The Agriculture Department is moving to improve its firefighting efforts in the West with more than $490 million in funding provided by the Inflation Reduction Act.

The additional funding will go toward fire prevention efforts in 11 landscapes in Arizona, California, Idaho, Nevada, Oregon, Utah and Washington. Agriculture Secretary Tom Vilsack said those measures will include prescribed fire, mechanical thinning and biomass removal projects. 

"[We] obviously are aware of work that was underway in these fire sheds, but that was somewhat stymied simply because we didn't have the resources," Vilsack told reporters. "Now we have the resources by virtue of the Bipartisan Infrastructure Law and the Inflation Reduction Act, which is allowing us strategically and thoughtfully to continue to expand on activities and efforts."

The Forest Service's 10-year Wildfire Crisis Strategy, introduced last year, identified 250 "firesheds" labeled as "high risk." A fireshed is typically around 250,000 acres in size, according to the plan. 

This new funding — together with investments announced previously — will help pay for Forest Service efforts in 134 of these firesheds, according to a release.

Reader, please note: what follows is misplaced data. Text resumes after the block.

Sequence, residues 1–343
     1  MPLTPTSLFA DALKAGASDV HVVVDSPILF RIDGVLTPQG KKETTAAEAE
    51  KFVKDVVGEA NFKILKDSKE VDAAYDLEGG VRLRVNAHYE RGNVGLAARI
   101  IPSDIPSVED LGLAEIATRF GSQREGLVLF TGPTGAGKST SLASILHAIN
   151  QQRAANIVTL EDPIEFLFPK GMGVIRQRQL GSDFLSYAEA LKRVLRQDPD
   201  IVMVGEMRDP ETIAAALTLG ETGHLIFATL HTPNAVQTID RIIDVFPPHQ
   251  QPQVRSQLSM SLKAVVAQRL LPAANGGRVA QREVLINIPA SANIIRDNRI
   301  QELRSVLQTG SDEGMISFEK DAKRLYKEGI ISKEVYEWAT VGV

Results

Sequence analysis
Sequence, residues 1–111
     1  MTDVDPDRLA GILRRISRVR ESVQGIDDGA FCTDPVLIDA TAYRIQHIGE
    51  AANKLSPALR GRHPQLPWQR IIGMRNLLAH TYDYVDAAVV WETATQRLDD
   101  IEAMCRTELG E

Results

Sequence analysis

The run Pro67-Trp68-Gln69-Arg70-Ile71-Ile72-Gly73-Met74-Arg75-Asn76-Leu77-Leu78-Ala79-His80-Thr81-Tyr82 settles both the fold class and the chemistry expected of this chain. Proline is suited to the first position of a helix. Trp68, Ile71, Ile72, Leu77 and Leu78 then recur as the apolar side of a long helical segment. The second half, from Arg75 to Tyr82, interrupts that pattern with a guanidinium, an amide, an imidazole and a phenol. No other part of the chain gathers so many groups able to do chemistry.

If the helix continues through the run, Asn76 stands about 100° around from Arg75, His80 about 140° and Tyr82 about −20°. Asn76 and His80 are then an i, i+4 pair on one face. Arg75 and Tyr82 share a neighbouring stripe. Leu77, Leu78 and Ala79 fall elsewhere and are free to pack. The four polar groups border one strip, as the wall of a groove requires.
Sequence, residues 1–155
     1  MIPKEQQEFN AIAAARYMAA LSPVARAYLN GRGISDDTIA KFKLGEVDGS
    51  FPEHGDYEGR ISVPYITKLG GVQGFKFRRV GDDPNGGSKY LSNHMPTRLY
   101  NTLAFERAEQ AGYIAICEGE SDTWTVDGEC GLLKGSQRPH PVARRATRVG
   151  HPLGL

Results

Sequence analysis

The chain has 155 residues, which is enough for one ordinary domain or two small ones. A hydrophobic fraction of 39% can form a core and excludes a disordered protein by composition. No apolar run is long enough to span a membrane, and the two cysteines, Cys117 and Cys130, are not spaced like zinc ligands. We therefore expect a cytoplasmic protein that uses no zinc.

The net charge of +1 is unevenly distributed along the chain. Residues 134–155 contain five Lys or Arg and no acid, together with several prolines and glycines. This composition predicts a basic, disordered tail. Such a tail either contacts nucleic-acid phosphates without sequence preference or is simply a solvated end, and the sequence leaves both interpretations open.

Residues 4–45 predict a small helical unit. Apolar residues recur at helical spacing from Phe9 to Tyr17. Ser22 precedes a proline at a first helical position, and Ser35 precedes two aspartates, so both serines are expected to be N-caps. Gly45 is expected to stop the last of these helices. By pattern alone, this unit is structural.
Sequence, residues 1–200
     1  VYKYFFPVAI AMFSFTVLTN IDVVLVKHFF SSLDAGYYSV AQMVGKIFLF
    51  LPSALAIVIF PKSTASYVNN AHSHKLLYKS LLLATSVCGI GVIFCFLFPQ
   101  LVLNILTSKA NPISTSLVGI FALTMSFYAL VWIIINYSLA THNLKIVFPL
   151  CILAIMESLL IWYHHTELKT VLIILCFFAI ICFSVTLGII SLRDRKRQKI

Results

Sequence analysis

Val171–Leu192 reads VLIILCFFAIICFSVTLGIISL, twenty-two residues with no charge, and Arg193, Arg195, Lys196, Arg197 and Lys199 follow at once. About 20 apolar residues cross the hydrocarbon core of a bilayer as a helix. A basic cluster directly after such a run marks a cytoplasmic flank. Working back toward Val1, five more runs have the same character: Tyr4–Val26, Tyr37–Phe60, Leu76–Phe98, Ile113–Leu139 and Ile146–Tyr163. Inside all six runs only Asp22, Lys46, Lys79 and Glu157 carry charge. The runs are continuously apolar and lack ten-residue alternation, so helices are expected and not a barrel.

Project locations include the Klamath River Basin in Oregon and California, the Sierra and Elko Fronts in Nevada and California and Pine Valley in Utah. 

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Vilsack said the USDA plans to create "mobile strike teams" and use new technology that allows it to plan treatments more effectively. He also said the agency wants to look at more effective National Environmental Policy Act (NEPA) analysis and use a modernized grants and agreement system. 

Last year, the department was able to treat around 3.2 million acres of land, around 90% of the target the agency set for itself, Vilsack said. The agency faced setbacks, however, in trying to get funding approved in a timely manner and ensure it had an adequate firefighting force.

"The reality is that we're doing the very best job we can to hire additional people. We had a challenge with reference to our firefighting force to be able to recruit and we've tried to address that with changes to the pay structure," he said. 

Vilsack also said it has been challenging to hire engineers and design staff that are needed for wildfire prevention efforts. 

Vilsack stressed to reporters that the new funds won't be enough to sustain the Forest Service's wildfire efforts in the long term. He said more funding will be needed from Congress after the Inflation Reduction Act and Bipartisan Infrastructure Law funds run out.

"This is going to require a long-term commitment that spans a number of years," Vilsack said. "We didn't get into this circumstance overnight. We're not going to get out of it overnight. We have to continue to be vigilant."

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